Or CLICK HERE to watch a news video about Louisiana’s latest Master Plan. 

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Why We Shouldn’t Nominate New Orleans’s Mayor Mitch Landrieu for President (Vice. April 2018).

Until last year’s removal of New Orleans’s Confederate statues made national news, Mayor Mitch Landrieu was largely unknown outside of his city. Today, he’s the latest Democratic flavor of the month. Landrieu followed up the release of his new book, Standing in the Shadow of Statues: A White Southerner Faces Down History, with a few victory laps of the lecture and talk show circuits, fromThe Week to 60 Minutes to the Daily Show, where mentions of his possible 2020presidential run were met with applause. He’s also set to receive the John F. Kennedy Profile in Courage Award in May.

As a New Orleans resident, I know the statues couldn’t have been removed without Landrieu—even though the energetic and righteous protest group Take Em Down NOLA is widely considered to have spearheaded the recent movement. Others trace the fight farther back: “That anyone would think Landrieu told us to care about this is insulting… Black leaders have been talking to me about this issue since I joined city government in 1977,” said City Councilperson James Gray during a contentious debate on the day of the vote to remove the offending statues. “I am the descendant of slaves—not free people of color, slaves—so I don’t need Mitch Landrieu to remind me to care about this.”

Landrieu surely won’t end up in prison like his predecessor Ray Nagin, and he has done a few good things while in office, like help get marijuana arrests down to almost zero (arguably a much bigger blow for racial justice than taking down the statues). And his speeches around the monuments’ removal were admittedly some of the best I’ve ever heard from a politician.

But Landrieu is not the president America needs. Dig past the statue issue, and you’ll find that Landrieu is known around town as the New Orleans mayor who aided and abetted a massive wave of gentrification. While he would clearly like to be remembered for removing New Orleans’s racist symbols, many locals will remember him for the following catastrophes:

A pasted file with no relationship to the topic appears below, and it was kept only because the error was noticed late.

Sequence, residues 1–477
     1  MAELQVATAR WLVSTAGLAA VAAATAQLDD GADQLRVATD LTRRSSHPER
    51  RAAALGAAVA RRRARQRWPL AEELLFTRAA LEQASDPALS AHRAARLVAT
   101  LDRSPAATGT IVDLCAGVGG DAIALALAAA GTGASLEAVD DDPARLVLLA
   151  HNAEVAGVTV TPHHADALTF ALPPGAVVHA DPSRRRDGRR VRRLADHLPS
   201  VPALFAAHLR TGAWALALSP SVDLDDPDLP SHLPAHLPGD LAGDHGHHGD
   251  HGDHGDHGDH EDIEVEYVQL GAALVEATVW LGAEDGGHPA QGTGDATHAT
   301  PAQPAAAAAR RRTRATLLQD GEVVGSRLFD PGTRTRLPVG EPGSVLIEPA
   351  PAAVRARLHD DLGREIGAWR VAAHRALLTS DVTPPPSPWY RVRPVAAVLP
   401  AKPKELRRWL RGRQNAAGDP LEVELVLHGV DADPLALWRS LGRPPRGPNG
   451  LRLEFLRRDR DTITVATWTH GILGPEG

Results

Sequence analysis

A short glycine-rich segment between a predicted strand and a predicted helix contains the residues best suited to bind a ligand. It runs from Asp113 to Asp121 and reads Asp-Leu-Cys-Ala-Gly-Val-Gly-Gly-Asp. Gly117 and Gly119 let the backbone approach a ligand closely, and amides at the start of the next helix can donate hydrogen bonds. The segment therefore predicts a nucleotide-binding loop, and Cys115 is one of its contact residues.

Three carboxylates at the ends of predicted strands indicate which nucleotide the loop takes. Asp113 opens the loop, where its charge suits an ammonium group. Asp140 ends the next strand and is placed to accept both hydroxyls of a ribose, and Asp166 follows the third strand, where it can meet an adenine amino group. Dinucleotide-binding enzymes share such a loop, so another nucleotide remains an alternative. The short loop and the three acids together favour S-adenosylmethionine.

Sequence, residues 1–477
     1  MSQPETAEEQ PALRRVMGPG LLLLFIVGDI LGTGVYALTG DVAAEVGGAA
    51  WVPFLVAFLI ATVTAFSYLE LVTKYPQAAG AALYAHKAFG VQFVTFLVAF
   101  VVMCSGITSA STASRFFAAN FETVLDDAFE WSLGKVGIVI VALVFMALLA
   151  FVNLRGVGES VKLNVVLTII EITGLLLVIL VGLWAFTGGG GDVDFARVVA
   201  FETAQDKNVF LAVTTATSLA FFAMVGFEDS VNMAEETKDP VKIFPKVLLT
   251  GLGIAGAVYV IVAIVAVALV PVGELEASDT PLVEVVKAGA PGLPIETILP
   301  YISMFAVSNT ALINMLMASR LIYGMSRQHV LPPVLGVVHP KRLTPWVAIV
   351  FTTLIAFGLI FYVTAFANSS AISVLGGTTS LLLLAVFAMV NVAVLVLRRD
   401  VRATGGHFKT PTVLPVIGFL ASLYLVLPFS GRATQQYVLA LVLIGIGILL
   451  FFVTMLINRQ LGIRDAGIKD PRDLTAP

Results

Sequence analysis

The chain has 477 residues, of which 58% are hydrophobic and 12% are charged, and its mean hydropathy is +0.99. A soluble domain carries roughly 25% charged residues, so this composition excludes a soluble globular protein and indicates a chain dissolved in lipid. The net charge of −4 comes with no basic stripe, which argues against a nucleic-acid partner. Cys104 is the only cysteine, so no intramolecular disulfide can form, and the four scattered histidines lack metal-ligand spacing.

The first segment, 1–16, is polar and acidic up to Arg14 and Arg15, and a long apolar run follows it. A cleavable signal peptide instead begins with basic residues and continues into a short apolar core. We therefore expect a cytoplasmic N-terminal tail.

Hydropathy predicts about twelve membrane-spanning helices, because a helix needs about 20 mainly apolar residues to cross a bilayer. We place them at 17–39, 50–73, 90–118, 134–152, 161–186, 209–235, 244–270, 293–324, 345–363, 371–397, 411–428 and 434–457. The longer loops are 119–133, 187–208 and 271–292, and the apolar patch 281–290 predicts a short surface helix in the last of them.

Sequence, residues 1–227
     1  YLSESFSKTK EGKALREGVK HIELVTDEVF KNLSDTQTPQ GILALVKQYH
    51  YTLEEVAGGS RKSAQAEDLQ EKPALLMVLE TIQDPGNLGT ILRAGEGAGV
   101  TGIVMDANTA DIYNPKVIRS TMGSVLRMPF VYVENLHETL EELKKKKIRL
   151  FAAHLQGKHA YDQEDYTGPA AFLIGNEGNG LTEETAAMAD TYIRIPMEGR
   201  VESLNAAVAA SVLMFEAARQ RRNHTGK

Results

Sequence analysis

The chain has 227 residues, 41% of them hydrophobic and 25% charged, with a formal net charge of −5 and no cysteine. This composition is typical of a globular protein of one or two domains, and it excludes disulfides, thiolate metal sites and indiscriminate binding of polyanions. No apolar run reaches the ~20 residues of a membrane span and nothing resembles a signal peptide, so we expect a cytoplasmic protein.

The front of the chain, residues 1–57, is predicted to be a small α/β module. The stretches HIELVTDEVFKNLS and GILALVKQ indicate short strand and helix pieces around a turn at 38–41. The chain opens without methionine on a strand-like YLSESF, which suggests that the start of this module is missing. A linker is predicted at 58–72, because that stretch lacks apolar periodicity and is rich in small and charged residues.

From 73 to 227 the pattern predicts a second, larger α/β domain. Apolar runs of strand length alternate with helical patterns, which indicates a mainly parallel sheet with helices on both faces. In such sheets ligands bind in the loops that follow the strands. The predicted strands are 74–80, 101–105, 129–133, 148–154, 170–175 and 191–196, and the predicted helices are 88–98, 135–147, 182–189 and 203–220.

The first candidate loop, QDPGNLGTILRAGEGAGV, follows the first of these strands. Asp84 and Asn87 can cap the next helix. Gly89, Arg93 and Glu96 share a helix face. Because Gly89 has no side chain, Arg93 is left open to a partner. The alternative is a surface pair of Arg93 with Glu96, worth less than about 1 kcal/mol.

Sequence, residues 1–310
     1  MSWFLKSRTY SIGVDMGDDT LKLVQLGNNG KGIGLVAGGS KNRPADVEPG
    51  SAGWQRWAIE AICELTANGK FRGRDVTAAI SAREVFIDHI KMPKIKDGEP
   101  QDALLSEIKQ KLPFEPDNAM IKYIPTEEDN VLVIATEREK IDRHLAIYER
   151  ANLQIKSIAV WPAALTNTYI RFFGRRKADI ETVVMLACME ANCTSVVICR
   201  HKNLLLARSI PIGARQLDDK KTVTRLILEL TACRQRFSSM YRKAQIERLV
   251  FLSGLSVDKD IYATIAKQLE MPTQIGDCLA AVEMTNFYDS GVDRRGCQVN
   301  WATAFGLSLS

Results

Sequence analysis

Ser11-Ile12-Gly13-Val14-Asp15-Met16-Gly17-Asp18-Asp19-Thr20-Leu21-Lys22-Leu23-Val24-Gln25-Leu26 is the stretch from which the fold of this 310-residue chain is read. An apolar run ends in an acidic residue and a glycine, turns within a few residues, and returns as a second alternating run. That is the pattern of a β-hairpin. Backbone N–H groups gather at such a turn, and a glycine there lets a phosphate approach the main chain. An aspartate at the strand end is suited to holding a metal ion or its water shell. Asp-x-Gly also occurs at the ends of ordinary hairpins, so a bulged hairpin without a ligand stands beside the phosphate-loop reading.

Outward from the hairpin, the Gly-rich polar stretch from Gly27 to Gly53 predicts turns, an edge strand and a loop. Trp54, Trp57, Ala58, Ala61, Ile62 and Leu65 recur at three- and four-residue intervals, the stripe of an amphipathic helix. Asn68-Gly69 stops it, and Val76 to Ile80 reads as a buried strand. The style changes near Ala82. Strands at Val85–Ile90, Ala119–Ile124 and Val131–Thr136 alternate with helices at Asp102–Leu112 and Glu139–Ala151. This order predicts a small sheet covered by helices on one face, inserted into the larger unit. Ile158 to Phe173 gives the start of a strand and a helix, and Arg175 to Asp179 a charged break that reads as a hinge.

In 2005, Hurricane Katrina flooded 80 percent of New Orleans and displaced 600,000 households. In the following years, as locals struggled to return to their city, Airbnb was invented at just the wrong time.

New Orleans’s status as a tourist destination has made Airbnb popular with tourists visiting the city. As a result, for almost a decade, New Orleans’s famous shotgun houses have been getting bought up and turned into amateur hotels, often by out-of-state, absentee (white) landlords, damaging the fabric of neighborhoods and forcing residents to deal with tourists literally in their backyards.

Landrieu and his administration have seemed mostly oblivious to how bad Airbnb has been for New Orleans’s tender post-K housing market, not to mention its (black) culture. Following years of inaction on the issue, the City Council voted in 2017 to legalize Airbnb’s fauxtel scam and create a permitting process, but that hasn’t solved the problem. Locals have been evicted from their homes in droves by greedy landlords who can make more money off nightly rentals than yearly leases. As the value of homes used as hotels spikes, that raises the assessed value—and thus property taxes—for locals around them. And because the Landrieu administration hasn’t improved the city’s bleak poverty rate, many New Orleanians can no longer afford homes in their own neighborhoods.

“Treme was too expensive, when I was putting my heart and my soul and my energy into trying to get my family back home,” said singer John Boutte, most famous for penning the theme song for HBO’s Katrina drama TremeThe Treme was America’s first black neighborhood where free people of color could purchase land. After Airbnb hit the Treme, Boutte chose to relocate 30 minutes away, onto New Orleans’s Northshore (which isn’t in New Orleans at all). “I lived in Treme all my life, and I know the real value of those homes,” Boutte told me. “There’s a big bubble right now, man.”

In 2015, The New Orleans Advocate reported a shift in New Orleans’s black population from the city to the suburbs—a change that cannot be blamed on Katrina alone, but on the combination of Katrina and Airbnb. Only now are Landrieu, Mayor-elect LaToya Cantrell, and other officials considering taking further action against laws governing Airbnb properties—which seems a lot like discussing the fire while standing in its smoldering ashes.

Cameras, Cameras Everywhere

There’s existed no question that Landrieu couldn’t answer with more cameras of one sort or another. Mayor Nagin installed New Orleans’s first 30 traffic cameras, and they quickly started producing revenue for the city in the form of traffic tickets. Landrieu has doubled and tripled that number, and today the city makes over $15 million a year off its poverty-burdened citizenry via those traffic camera tickets.